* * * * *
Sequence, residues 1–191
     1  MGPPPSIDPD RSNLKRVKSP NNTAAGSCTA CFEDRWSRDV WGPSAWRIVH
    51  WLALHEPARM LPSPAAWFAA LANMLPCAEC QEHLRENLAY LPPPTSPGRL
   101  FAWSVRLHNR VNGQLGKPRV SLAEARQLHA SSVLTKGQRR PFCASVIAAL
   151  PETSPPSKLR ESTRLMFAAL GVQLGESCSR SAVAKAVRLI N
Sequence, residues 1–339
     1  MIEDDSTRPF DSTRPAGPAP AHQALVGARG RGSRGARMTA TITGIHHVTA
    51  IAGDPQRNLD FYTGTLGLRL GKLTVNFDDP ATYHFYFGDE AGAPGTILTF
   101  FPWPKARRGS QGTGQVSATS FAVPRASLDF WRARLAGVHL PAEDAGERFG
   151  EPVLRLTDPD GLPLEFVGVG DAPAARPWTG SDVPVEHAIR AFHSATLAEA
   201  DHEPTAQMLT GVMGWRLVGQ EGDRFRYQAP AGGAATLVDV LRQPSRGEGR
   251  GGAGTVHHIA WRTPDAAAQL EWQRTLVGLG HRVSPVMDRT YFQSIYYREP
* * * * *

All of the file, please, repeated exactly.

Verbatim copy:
Sequence, residues 1–191
     1  MGPPPSIDPD RSNLKRVKSP NNTAAGSCTA CFEDRWSRDV WGPSAWRIVH
    51  WLALHEPARM LPSPAAWFAA LANMLPCAEC QEHLRENLAY LPPPTSPGRL
   101  FAWSVRLHNR VNGQLGKPRV SLAEARQLHA SSVLTKGQRR PFCASVIAAL
   151  PETSPPSKLR ESTRLMFAAL GVQLGESCSR SAVAKAVRLI N
Sequence, residues 1–339
     1  MIEDDSTRPF DSTRPAGPAP AHQALVGARG RGSRGARMTA TITGIHHVTA
    51  IAGDPQRNLD FYTGTLGLRL GKLTVNFDDP ATYHFYFGDE AGAPGTILTF
   101  FPWPKARRGS QGTGQVSATS FAVPRASLDF WRARLAGVHL PAEDAGERFG
   151  EPVLRLTDPD GLPLEFVGVG DAPAARPWTG SDVPVEHAIR AFHSATLAEA
   201  DHEPTAQMLT GVMGWRLVGQ EGDRFRYQAP AGGAATLVDV LRQPSRGEGR
   251  GGAGTVHHIA WRTPDAAAQL EWQRTLVGLG HRVSPVMDRT YFQSIYYREP